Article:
Sierra Leone: Why you shouldn’t get carried away by Sierra Leone’s blockchain elections | Crypto-Lines

Last week Sierra Leone became the first country in the world to hold blockchain elections. They were supervised by Agora, a blockchain startup based in Switzerland. Once the voting of the region had taken place, over 400, 000 ballots were then manually fed into Agora,s blockchain. The CEO of Agora was very pleased with how smooth the process worked. He exuded excitement for the future of blockchain elections saying: “I strongly believe that this election is the beginning of a much larger blockchain voting movement.”  Read More

Editorials: Blockchains and Voting | Dan Wallach/Freedom to Tinker

I’ve been asked about a number of ideas lately involving voting systems and blockchains. This blog piece talks about all the security properties that a voting system needs to have, where blockchains help, and where they don’t. Let’s start off a decade ago, when Daniel Sandler and I first wrote a paper saying blockchains would be useful for voting systems. We observed that voting machines running on modern computers have overwhelming amounts of CPU and storage, so let’s use it in a serious way. Let’s place a copy of every vote on every machine and let’s use timeline entanglement (Maniatis and Baker 2002), so every machine’s history is protected by hashes stored on other machines. We even built a prototype voting system called VoteBox that used all of this, and many of the same ideas now appear in a design called STAR-Vote, which we hope could someday be used by real voters in real elections.

What is a blockchain good for? Fundamentally, it’s about having a tamper-evident history of events. In the context of a voting system, this means that a blockchain is a great place to store ballots to protect their integrity. STAR-Vote and many other “end-to-end” voting systems have a concept of a “public bulletin board” where encrypted votes go, and a blockchain is the obvious way to implement the public bulletin board. Every STAR-Vote voter leaves the polling place with a “receipt” which is really just the hash of their encrypted ballot, which in turn has the hash of the previous ballot. In other words, STAR-Vote voters all leave the polling place with a pointer into the blockchain which can be independently verified. … Achieving a “cast as intended” property requires a variety of mechanisms ranging from paper ballots and spot challenges of machines. The blockchain protects the integrity of the recorded vote, but has nothing to say about its fidelity to the intent of the voter. Read More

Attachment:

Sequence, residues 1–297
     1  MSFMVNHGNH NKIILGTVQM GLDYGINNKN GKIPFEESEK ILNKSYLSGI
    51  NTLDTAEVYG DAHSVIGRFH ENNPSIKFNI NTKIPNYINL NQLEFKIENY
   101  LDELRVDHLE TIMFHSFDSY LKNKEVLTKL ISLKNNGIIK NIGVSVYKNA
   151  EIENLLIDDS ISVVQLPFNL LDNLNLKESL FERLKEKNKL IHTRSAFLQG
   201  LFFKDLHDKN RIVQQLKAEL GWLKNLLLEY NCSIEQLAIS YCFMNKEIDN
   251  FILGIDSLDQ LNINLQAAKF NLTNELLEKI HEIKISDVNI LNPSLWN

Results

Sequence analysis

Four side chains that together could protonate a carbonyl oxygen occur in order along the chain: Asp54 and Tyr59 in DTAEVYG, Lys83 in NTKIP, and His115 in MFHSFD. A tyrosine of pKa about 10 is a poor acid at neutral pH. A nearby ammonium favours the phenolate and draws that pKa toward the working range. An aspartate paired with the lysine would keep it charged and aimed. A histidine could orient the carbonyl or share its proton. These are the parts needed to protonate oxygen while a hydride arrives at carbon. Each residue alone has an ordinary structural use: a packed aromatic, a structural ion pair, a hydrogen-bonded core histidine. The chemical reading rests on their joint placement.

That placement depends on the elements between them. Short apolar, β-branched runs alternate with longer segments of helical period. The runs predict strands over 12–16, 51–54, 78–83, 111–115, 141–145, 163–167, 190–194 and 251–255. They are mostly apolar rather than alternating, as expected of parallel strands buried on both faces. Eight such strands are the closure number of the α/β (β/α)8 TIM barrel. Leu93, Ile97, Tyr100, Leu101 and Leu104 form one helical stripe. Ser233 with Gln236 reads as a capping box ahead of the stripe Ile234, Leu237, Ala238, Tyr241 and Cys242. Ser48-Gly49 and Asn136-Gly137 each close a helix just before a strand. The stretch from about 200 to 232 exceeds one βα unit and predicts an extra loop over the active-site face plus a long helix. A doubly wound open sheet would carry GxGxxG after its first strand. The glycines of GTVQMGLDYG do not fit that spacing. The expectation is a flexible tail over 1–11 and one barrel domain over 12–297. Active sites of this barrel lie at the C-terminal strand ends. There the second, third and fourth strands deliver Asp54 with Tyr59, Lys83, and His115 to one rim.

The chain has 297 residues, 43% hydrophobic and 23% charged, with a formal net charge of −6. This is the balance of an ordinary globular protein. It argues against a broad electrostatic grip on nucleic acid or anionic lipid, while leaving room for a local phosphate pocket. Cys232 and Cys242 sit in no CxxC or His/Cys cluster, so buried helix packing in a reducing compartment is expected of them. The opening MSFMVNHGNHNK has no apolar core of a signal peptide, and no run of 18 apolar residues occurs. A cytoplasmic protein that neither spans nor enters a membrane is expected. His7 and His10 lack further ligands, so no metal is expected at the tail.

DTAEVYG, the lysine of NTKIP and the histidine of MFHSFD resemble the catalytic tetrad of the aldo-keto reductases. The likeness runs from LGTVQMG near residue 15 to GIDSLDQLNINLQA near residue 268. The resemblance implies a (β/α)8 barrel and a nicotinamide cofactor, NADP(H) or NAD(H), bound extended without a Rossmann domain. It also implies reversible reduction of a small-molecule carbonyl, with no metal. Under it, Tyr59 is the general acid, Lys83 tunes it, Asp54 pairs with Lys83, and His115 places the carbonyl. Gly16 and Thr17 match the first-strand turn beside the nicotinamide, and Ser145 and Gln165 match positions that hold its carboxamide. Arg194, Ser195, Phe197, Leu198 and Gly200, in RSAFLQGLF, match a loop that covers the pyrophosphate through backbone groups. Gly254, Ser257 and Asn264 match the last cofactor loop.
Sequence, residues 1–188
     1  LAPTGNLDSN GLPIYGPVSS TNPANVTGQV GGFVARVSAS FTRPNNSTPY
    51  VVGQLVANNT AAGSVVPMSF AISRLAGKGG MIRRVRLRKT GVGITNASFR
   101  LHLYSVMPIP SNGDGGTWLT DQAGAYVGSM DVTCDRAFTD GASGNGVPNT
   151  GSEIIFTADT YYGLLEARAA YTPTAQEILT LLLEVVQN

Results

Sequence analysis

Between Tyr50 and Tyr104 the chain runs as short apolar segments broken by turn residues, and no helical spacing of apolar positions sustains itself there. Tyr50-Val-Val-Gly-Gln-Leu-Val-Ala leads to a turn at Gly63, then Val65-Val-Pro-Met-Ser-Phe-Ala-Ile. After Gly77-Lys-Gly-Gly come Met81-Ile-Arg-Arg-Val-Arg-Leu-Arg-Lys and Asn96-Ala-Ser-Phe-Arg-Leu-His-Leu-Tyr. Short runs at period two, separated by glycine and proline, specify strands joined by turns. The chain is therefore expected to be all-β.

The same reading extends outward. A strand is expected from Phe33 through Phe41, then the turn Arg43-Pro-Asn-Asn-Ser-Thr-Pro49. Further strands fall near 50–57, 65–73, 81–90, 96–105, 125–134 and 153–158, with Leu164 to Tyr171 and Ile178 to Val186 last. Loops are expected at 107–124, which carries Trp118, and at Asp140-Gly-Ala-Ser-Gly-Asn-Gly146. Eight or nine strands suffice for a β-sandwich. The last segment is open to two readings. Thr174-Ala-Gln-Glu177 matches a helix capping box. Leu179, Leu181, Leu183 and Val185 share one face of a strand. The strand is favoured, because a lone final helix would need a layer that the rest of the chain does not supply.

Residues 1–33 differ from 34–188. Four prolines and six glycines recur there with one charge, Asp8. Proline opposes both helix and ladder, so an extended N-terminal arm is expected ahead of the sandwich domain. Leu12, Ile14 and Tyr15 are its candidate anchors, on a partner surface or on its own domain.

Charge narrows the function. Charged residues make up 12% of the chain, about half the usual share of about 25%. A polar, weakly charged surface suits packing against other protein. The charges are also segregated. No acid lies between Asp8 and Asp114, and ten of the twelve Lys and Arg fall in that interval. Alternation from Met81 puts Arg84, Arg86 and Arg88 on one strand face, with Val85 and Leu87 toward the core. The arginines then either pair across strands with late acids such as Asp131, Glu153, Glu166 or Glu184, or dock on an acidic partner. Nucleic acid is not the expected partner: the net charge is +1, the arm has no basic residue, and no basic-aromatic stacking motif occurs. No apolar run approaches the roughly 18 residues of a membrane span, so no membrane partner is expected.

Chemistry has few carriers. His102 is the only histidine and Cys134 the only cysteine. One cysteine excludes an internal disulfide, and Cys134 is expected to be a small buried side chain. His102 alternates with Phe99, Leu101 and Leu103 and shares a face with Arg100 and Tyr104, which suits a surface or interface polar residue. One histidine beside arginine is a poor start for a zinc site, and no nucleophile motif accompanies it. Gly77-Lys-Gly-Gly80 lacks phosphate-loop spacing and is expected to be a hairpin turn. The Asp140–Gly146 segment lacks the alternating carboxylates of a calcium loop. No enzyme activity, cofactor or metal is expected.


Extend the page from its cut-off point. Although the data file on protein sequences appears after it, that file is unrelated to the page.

Voting Blogs: Blockchains & Elections: Don’t Believe the Hype | Free & Fair

The cryptocurrency Bitcoin has risen into public consciousness over the past few years. It is the first digital currency to reach this level of success and notoriety. Bitcoin is based on a decades old cryptographic concept called a blockchain. As people and companies seek new ways to conduct elections that make better sense in our high tech world, several startups have proposed using blockchains, or even Bitcoin itself, to conduct elections. Using Bitcoin (or a blockchain) as an election system is a bad idea that really doesn’t make sense. While blockchains can be useful in the election process, they are only appropriate for use in one small part of a larger election system. A blockchain is basically a public database of information that is distributed across many different computers so that all users are able to verify that they have the same overall data even if some of the computers go down. There is no need to trust a central server or authority. A blockchain is a fundamental concept in cryptography that existed for decades prior to being used in cryptocurrencies like Bitcoin. Read More